By Susan Jaffe, Kaiser Health News
Health care providers who appealed to Medicare judges won more often than patients did, according to a report by the inspector general at the U. S. Department of Health and Human Services.
Hospitals, physicians, medical equipment suppliers and other providers also filed 85 percent of the cases decided by the administrative law judges in fiscal 2010. Some providers get plenty of practice, with 96 "frequent filers" responsible for one-third of the 40,682 appeals submitted to the judges, the IG found.
The report noted that some providers routinely appeal every denial "because the cost is nominal and a favorable decision is likely."
Medicare beneficiaries and providers can challenge the denial of a claim in several appeals stages, but the first two are decided by contractors working for Medicare who base their opinions on case files. In the third step, which is the focus of the report, appellants have a hearing before a judge, testimony can be provided, witnesses can be cross-examined, and new evidence can be introduced. The judges are lawyers in the Office of Medicare Hearings and Appeals, an independent agency within HHS.
In order to keep providers from overwhelming the system and to discourage multiple appeals from the same provider, the report recommends that Medicare officials charge providers - but not patients - a filing fee set in relation to the dollar amount in dispute.
Another issue cited in the report was the dramatic difference in favorable decisions by the judges and the Medicare contractors who handle the second level of appeals. The judges reversed the lower level denials 56 percent of the time for all appellants, including 61 percent of the time for providers and 28 percent for beneficiaries.
When investigators looked at the appeals by type of claim, they found that the judges reversed 72 percent of denials involving payment for hospital care, under Medicare's Part A hospitalization program.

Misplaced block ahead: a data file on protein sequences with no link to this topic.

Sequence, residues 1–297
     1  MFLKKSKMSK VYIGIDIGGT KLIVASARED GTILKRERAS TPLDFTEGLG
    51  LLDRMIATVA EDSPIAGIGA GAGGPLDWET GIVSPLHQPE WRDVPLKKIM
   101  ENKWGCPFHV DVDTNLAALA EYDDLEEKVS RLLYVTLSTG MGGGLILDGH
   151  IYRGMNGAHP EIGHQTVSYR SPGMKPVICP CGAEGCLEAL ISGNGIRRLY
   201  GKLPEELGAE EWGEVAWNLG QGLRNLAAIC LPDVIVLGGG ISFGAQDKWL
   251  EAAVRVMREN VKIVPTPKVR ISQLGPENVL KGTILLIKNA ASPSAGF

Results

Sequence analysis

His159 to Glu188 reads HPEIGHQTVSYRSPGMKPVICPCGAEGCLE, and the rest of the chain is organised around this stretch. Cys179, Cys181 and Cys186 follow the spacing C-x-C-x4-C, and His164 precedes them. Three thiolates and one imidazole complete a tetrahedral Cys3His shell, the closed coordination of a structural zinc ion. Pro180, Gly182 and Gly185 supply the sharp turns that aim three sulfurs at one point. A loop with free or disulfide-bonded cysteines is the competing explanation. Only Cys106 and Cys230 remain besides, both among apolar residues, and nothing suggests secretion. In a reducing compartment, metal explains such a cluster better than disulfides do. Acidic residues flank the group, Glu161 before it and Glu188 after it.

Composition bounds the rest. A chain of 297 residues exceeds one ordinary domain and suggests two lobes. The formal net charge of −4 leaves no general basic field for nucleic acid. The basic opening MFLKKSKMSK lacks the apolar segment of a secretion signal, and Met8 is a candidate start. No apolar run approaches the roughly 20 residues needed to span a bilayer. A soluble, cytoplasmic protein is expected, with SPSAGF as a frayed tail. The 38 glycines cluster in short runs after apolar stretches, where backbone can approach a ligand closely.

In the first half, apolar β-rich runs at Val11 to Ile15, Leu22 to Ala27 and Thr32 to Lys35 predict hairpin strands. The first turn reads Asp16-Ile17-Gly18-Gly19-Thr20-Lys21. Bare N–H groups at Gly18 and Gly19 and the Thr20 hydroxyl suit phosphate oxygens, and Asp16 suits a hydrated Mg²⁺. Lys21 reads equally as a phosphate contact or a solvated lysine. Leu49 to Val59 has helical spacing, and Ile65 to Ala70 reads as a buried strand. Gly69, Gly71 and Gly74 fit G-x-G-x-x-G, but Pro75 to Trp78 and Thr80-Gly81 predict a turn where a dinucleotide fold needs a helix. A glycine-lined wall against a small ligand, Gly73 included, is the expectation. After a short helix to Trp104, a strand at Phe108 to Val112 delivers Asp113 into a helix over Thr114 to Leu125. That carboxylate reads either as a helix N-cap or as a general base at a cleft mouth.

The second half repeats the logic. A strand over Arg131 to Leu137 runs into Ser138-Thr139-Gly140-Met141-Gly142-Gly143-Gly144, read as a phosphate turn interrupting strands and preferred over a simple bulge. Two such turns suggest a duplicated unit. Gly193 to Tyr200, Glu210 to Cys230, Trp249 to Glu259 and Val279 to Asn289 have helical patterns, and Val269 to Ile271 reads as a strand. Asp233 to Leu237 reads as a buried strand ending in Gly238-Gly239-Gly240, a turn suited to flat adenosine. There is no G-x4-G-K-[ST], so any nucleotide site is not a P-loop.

Beneficiaries may win less often because their appeals usually involve coverage decisions by their private drug or Medicare Advantage insurance plans. Those policies have contracts describing what is covered which beneficiaries agree to when they sign up. As result, the report notes that judges may have less discretion to overturn those denials.
Beneficiaries may also file a smaller portion of appeals, because their providers are most often responsible for unpaid bills when Medicare determines a service or treatment is not covered.
The judges frequently disagreed with lower decisions because they had a more flexible interpretation of some ambiguous Medicare policies and because the hearings allow different information to be presented, among other reasons described by investigators.
Investigators recommended that Medicare officials and the Office of Medicare and Hearing Appeals clarify policies that are often misinterpreted, move more quickly to a fully electronic records system, and establish a quality assurance process to review judges' decisions. They also suggested that if providers file appeals while they are also under investigation for submitting fraudulent claims, the appeal process should be postponed, if necessary, until the fraud investigation is concluded.
The report included a written response from Nancy Griswold, chief administrative law judge at the Office of Medicare Hearings and Appeals, who said she agreed with many of the recommendations and indicated that some are already being addressed.